If, for example, a student who self-studies can achieve the same pass grades as a student who attends classes, why should they pay the provider for tuition?  Precursors of this can be found around the world, notably the longstanding University of London external program.

One of the many consequences of this would be pressure on providers to offer value-adding, interesting teaching; the death of the dull lecture!

In terms of equity, the best single and relatively costless measure we could take is to scrap the Australian Tertiary Admission Rank (ATAR).

Its integrity as a measure can be questioned in the first place, with different jurisdictions meshing rank orders together. But the very idea of reducing to a single index the diverse abilities of a whole cohort of young people benefits those best prepared and advised rather than the innately most able.

The prestige market of universities gathers round it, producing the popular perception that the higher the ATAR the better the institution (at everything).  Thus, elites try even harder to get their children into those institutions, and an inegalitarian spiral takes place.

The obvious solution, particularly with digital technologies that can bypass Admissions Centres, is to go by the individual marks of a student in subjects relevant to the particular degree, supplemented where necessary by sample work.

So, if a university decides it wants students who are good at specific areas, it should admit students who can demonstrate relevant ability, through marks or other evidence.  No one actually needs to walk around feeling they have been defined by their ATAR. They should be defined by what they are good at.

Scrapping the ATAR along with a free diploma year 13 would go a long way to improving equitable access to tertiary education, particularly if reforms in the school system have their desired effect.

An obvious way of improving the productivity of the sector is to make the data about student numbers and research outputs per million dollars of expenditure transparent, and encourage improvement through reward mechanisms.  This might change the public’s perceptions of the status of individual universities.

The most productive institutions – heroes in many respects – are not always the best known or prestigious.  And some of the best known seem not to be relatively unproductive. Where is the money going?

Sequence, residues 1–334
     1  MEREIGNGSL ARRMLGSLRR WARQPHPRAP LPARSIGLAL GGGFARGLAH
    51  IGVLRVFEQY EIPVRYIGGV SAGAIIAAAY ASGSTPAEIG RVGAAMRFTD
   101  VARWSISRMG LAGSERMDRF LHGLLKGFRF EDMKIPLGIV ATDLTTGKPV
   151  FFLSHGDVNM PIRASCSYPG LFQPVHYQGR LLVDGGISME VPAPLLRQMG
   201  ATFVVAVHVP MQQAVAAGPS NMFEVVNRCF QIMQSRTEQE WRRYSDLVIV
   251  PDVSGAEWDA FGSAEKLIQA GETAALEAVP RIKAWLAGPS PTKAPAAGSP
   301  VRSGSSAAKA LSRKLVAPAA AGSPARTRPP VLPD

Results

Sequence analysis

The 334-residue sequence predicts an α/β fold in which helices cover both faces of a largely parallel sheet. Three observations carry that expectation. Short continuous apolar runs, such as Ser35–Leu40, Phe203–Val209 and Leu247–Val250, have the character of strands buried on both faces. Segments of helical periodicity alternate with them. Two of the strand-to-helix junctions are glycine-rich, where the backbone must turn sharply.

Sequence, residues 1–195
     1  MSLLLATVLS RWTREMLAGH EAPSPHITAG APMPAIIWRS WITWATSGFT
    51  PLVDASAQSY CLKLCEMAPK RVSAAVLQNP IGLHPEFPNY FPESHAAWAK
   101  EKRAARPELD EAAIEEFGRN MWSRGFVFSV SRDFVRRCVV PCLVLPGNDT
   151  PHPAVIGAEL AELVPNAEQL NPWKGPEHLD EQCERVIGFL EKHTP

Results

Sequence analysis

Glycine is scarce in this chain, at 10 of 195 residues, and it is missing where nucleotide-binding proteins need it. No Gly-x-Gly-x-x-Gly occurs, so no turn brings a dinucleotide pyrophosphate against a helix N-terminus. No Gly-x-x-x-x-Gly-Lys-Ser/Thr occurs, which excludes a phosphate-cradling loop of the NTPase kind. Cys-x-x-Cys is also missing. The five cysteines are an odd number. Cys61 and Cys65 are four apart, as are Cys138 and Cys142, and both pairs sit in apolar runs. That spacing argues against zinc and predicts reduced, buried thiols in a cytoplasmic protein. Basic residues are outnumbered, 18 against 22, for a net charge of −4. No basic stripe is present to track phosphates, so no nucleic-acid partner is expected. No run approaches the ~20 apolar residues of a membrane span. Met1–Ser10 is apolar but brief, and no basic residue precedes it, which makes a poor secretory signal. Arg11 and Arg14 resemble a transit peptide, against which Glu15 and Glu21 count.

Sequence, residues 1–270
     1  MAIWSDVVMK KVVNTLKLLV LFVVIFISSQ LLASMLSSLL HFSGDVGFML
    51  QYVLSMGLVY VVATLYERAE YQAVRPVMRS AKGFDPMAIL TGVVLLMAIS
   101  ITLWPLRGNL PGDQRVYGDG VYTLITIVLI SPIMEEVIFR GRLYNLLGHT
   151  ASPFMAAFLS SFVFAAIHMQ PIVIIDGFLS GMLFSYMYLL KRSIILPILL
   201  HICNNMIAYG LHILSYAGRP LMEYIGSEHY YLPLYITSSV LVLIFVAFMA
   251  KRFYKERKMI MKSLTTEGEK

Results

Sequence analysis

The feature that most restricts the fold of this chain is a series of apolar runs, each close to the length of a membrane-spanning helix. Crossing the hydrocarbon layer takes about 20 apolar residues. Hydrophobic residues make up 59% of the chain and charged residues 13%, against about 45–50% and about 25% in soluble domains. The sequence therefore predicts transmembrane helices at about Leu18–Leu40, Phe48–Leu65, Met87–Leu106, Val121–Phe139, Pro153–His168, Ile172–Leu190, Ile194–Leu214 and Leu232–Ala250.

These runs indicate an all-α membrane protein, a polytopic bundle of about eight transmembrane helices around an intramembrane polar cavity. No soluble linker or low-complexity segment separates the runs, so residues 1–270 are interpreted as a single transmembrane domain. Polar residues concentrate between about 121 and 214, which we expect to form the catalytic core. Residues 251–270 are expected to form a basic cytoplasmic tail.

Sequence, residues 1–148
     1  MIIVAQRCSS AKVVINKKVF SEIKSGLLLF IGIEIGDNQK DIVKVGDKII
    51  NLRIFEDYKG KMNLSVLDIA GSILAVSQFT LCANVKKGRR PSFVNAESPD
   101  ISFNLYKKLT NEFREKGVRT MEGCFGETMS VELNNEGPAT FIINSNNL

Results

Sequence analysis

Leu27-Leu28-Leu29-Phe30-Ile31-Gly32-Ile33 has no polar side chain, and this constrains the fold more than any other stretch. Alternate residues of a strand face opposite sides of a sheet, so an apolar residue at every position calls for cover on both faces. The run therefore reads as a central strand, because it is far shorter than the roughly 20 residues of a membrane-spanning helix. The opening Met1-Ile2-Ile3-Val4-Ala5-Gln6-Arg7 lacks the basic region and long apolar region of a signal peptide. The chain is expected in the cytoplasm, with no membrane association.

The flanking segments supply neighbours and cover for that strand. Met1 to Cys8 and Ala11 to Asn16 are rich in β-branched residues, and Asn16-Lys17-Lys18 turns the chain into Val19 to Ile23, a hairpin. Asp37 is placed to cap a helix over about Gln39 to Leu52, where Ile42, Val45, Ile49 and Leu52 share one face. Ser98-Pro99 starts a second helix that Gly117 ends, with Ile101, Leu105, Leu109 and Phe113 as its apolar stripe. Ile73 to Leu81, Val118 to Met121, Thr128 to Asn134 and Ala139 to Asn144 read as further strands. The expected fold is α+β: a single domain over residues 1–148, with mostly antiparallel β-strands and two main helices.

Finally, accountability would be improved greatly by a complete overhaul of performance data and the ability to compare and contrast what are currently higher education institutions and vocational education institutions.

Data and analytics technologies from other sectors are barely in evidence within tertiary education, yet techniques are emerging to measure better the effectiveness of different teachers and teaching methods, the “learning gain” added by the institution, and the lifetime income gain.

 

The Prize

The prize at the end of this is a tertiary education system that equips adults of all ages for an economy that is fast-changing, whilst restraining the ability of elites to fashion that system in their own interests.

In about 350BC, Aristotle identified three types of knowledge which we could translate today as knowing why (episteme), knowing how (techne) and knowing what to do (phronesis).  We have separated and stratified these knowledges through our class system and its manifestation in education structures.

We have an opportunity now to design an integrated, equitable and diverse system which allows the three knowledges to flourish in different mixes; adaptive to changing times rather than left stranded by them.

An earlier version of this piece appeared as a chapter in What Happens Next? Reconstructing Australia after Covid-19, Emma Dawson and Janet McCalman (eds), Melbourne UP (2020).